Nowadays as a novel terminal air conditioning system, the capillary plane HVAC terminal system is being researched in China. In this system the terminal capillary pipes are buried in the surface of the ceiling or the wall or the floor with the purpose-built grout, the chilled or heated water circulates in the pipes and exchanges the sensible heat with the indoor air by radiation and convection to make the indoor air parameters stable. The capillary mat terminals usually combine with dedicated outdoor air system and the latter takes on the indoor latent heat. Compared with the floor radiant heating system, the capillary plane HVAC terminal system has the advantages of saving more indoor space and any position installation. In this paper, with the method of numerical calculation the heat transfer performance of the capillary pipe buried in the grout are studied, the average temperature of the radiation surface and average heat flow density in summer and winter are figured out, and the influence factors such as: the pipe spacing, pipe embedded depth, pipe diameter, average temperature of the supply and return water, and design indoor air temperature are analyzed respectively. The optimal mode or trend under given conditions are proposed and the relations of the influence factors are summarized. All these above will be good theoretical references for the design and application of the capillary plane HVAC terminal system.

Commentary by Dr. Valentin Fuster
2008;():203-208. doi:10.1115/ES2008-54154.

Terminal boxes are one of the major building HVAC components and directly impact building room comfort and energy costs. Current terminal boxes may cause occupant discomfort and waste energy if they have inappropriate operation control functions. The objective of this study is to develop and implement applicable optimal terminal box control algorithms. The thermal conditions and energy consumption are compared between conventional and improved control algorithms using measured data. The results of this study show that optimal terminal box control algorithms can stably maintain the set room air temperature and reduce energy consumption compared to conventional control algorithms.

Commentary by Dr. Valentin Fuster
2008;():209-219. doi:10.1115/ES2008-54185.

This paper presents the development of an equation based model to simulate the combined heat and mass transfer in the desiccant wheels. The performance model is one dimensional in the axial direction. It applies a lumped formulation in the thickness direction of the desiccant and the substrate. The boundary conditions of this problem represent the inlet outside/process and building exhaust/regeneration air conditions as well as the adiabatic condition of the two ends of the desiccant composite. The solutions of this model are iterated until the wheel reaches periodic steady state operation. The modeling results are obtained as the changes of the outside/process and building exhaust/regeneration air conditions along the wheel depth and the wheel rotation. This performance model relates the wheel’s design parameters, such as the wheel dimension, the channel size and the desiccant properties, and the wheel’s operating variables, such as the rotary speed and the regeneration air flowrate, to its operating performance. The impact of some practical issues, such as wheel purge, residual water in the desiccant and the wheel supporting structure, on the wheel performance has also been investigated.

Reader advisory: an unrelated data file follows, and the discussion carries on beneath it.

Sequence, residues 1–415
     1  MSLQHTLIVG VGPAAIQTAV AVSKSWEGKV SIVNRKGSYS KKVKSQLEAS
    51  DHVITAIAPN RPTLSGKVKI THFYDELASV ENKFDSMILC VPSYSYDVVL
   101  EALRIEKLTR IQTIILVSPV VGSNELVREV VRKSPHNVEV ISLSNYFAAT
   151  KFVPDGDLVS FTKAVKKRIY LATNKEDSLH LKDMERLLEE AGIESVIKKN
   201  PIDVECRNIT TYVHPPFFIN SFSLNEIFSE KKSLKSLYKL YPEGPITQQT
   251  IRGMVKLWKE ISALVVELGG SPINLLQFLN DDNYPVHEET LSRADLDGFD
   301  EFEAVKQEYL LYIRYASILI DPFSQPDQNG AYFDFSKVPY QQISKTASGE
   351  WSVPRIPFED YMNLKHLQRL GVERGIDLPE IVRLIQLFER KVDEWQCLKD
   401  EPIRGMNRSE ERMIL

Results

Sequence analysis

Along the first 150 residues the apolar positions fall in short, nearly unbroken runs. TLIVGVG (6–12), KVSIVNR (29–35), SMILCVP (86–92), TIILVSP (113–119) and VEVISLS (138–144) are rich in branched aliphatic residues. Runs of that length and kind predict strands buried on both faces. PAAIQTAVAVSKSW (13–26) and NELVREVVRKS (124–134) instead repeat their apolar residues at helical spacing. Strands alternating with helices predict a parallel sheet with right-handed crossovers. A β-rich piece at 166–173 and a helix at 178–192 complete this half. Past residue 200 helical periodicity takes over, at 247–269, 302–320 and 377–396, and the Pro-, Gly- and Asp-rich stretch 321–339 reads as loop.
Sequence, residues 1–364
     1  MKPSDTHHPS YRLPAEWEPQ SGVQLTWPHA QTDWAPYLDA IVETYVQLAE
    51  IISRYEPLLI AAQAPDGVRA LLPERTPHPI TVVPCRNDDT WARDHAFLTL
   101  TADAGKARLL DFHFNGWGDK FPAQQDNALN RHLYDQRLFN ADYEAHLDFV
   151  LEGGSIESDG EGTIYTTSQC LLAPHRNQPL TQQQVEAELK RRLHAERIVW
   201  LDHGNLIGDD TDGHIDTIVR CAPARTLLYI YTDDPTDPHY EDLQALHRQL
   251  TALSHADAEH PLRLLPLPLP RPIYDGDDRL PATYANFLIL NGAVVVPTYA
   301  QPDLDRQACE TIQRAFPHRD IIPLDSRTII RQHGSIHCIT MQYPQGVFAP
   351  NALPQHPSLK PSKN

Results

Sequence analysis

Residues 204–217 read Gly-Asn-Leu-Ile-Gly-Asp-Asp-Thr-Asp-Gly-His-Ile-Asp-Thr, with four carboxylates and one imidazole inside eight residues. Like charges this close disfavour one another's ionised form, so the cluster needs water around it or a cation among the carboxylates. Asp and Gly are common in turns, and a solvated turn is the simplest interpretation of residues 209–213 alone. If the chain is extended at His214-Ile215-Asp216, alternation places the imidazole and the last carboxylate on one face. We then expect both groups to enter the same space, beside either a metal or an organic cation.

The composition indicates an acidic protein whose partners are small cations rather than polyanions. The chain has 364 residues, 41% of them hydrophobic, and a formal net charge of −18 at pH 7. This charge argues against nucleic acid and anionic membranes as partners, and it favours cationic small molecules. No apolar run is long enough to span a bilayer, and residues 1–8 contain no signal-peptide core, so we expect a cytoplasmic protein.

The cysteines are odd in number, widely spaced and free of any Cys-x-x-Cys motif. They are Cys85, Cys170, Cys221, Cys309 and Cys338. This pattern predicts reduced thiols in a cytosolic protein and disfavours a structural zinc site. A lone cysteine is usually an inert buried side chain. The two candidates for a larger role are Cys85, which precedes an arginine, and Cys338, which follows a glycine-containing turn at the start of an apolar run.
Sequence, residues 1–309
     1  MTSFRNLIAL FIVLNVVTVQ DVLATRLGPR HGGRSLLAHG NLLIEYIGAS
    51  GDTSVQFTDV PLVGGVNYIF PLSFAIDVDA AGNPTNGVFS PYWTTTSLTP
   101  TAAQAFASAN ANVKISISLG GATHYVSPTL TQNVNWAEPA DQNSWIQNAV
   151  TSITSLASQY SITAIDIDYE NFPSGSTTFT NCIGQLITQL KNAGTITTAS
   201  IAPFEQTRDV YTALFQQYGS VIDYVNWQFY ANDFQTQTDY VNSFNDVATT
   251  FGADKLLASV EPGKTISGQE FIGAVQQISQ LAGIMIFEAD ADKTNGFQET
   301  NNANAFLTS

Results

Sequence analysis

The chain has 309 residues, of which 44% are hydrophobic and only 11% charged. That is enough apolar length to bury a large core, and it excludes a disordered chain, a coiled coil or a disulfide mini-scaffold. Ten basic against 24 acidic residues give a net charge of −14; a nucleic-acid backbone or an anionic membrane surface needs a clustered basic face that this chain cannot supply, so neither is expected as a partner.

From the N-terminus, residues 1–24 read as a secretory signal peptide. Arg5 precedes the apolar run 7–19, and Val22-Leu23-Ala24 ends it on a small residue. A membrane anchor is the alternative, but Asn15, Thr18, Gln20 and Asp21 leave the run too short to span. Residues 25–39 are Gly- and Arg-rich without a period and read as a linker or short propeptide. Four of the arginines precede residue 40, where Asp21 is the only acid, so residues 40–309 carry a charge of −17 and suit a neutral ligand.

Commentary by Dr. Valentin Fuster
2008;():221-229. doi:10.1115/ES2008-54292.

The work described in this paper relates to advanced control systems, specifically designed for heating, ventilation and air conditioning in office buildings. This work specifically focuses on the use of state of the art fan coil units with advanced instrumentation and control. The premise of the work is that control systems can be significantly enhanced by using real-time data from a distributed sensor network deployed in the building. Specifically, the performance of control systems can be improved by augmenting predictive (feed-forward) control operations with techniques to improve the accuracy of models. A control algorithm for heating, ventilating and air-conditioning systems is described in this paper that integrates an advanced feedforward control algorithm with conventional feedback control. This paper further contains a description of a functional prototype used to demonstrate the proposed control algorithm for indoor thermal environmental control. The test-bed used in this work — the Robert L Preger Intelligent Workplace (IW), at Carnegie Mellon University, involves a large number of variables and hence a complex control task, i.e., the test bed contains multiple sources of thermal energy, and multiple constraints and disturbances — both measurable and immeasurable. The algorithms demonstrated in this test-bed are expected to perform satisfactorily on other environments with smaller number of variables. This paper contains a description of experiments that were performed to validate the comfort and energy benefits of increased sensing using fan coil units that are in installed in two spaces in the IW.